The Power of Expectations

I recently rewatched a movie that required viewing when I was in school. It was called Stand and Deliver. It was from the ’80s and it follows a group at a school in a poor area with low academic achievement. It was based on a true story.

The movie follows a passionate teacher who wants to raise the kids’ self-esteem and skills by teaching them math at a high level. He wants them to start to see college as an option for themselves, rather than just something rich kids do.

A repeated theme throughout the movie is “these kids will rise to the expectations,” and at the time it seemed the other teachers merely accepted low standards, which let the kids off the hook.

Mr. Escalante, the teacher inspiring the kids, was right to lead with his high expectations and oversaw the first group ever at the school through passing the calculus advanced placement exam, where many of them received college credit. The number of kids doing so increased in years following.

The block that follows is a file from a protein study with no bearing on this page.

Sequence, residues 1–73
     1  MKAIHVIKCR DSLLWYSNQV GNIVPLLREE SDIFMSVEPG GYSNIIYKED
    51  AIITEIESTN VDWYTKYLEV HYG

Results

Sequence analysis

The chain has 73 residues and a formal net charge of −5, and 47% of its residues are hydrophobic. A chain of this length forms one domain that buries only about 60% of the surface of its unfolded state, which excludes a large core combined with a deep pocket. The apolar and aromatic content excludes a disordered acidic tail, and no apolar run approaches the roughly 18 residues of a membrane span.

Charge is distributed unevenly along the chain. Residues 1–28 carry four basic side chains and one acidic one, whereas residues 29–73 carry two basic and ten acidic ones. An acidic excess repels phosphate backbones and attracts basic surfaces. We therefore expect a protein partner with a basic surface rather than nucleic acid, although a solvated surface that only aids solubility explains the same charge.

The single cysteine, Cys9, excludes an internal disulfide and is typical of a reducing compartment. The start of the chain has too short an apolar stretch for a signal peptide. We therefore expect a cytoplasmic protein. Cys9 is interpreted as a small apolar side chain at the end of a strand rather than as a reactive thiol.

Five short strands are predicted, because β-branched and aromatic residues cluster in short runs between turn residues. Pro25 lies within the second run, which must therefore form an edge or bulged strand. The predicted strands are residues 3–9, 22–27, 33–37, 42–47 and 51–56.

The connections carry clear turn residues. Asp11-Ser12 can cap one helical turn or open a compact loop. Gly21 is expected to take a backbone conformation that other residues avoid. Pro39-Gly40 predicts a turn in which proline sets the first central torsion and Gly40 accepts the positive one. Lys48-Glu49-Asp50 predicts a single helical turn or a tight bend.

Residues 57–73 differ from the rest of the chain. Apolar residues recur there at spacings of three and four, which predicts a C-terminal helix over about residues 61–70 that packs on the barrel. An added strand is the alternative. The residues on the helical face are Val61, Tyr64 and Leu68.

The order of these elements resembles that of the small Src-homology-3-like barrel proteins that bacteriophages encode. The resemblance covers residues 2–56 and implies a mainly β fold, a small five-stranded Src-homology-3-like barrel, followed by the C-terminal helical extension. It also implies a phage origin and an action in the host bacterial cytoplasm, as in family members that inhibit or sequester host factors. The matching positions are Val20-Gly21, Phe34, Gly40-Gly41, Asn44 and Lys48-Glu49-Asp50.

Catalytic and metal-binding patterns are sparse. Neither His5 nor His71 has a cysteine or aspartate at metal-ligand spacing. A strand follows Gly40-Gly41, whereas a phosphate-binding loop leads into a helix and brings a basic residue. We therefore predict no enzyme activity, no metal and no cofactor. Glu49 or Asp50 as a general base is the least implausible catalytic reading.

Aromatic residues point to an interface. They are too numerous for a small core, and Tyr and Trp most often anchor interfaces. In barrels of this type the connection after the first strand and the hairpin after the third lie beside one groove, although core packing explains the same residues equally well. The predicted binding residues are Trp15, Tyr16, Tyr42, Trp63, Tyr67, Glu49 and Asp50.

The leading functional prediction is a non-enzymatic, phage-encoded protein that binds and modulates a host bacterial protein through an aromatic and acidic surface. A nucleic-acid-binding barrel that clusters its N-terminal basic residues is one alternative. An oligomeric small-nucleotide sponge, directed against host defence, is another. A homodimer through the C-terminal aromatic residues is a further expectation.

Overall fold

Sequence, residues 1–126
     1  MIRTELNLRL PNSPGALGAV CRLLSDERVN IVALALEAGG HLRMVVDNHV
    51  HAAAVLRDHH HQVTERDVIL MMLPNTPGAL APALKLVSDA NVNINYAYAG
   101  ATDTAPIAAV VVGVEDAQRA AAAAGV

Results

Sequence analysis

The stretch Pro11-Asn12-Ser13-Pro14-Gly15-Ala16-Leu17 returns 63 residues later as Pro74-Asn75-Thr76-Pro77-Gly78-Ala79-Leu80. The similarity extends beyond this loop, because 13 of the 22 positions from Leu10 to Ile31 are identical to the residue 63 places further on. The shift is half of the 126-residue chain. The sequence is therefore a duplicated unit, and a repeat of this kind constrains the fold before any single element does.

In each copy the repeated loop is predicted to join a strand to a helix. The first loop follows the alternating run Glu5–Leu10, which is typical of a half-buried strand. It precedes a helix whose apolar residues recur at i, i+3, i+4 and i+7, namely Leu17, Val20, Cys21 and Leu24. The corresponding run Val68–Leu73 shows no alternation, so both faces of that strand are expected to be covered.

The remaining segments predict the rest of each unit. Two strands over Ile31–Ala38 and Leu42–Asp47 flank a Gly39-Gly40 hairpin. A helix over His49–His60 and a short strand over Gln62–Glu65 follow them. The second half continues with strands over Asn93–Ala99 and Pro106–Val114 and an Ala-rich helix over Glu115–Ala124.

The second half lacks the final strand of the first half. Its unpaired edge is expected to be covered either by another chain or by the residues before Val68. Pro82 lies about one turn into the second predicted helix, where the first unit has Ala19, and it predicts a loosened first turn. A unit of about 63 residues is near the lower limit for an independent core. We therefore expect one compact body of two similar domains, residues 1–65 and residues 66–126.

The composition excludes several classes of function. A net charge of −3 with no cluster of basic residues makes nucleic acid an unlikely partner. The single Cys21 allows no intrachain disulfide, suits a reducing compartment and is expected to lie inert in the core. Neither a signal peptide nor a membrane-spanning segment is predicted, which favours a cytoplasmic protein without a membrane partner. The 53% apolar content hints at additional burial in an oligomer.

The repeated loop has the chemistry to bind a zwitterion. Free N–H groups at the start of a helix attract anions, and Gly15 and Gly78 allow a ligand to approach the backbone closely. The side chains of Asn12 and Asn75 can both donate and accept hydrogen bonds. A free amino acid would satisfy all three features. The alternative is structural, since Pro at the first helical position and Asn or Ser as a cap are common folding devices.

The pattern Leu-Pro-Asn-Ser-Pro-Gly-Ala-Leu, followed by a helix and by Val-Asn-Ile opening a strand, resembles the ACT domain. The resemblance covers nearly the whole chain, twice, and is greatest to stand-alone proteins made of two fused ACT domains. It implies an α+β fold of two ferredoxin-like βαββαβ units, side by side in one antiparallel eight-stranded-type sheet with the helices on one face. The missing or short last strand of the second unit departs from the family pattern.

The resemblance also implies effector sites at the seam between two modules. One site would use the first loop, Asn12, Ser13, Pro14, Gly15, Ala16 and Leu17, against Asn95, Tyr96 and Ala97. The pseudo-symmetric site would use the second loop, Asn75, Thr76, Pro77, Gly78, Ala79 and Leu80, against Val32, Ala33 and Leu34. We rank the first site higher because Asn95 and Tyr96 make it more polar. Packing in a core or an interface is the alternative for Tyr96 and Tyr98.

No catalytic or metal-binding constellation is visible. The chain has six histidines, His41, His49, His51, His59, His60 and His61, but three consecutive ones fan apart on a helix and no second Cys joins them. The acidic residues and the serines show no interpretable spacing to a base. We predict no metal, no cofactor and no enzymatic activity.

Expectations are powerful. However, they do have to be backed up by a few things:

  1. A leader who can guide his students/workers/proteges that the expectations being sought.
  2. Clear goals.
  3. A group committed to improving themselves.

To review how these played out in the movie vs. other realities in life:

  1. Mr. Escalante knew calculus. He knew all the math leading up to calculus. He was capable of teaching them all the gaps in their knowledge. This wouldn’t work with a boss who had huge expectations of a worker to achieve results that the boss had no idea how to achieve himself.
  2. In the movie, the goal was to pass the calculus advanced placement exam and achieve college credit. That’s clear. If it was, “Raise your knowledge of mathematics to a high level.” That’s not clear. No one knows where that finish line is.
  3. There were some students that didn’t participate or dropped out of Mr. Escalante’s challenge. There were also some that were fighting other’s expectations of them to be “more ordinary” or more like the culture of the rest of the school. The way the movie portrayed it, there wasn’t a history of academic achievement at the school, so these kids had no one to look to, other than wanting to better themselves. Those who had that desire, proceeded and succeeded.

The important thing is with all three of these, incredibly high expectations can be met and when they are, the culture is changed. A new bar is set, others see the standards, and a new round of raising the expectations can begin.

Expectations are powerful.

P.S. It’s a feel good movie with a great message. Watch Stand and Deliver if you haven’t seen it and are searching for something.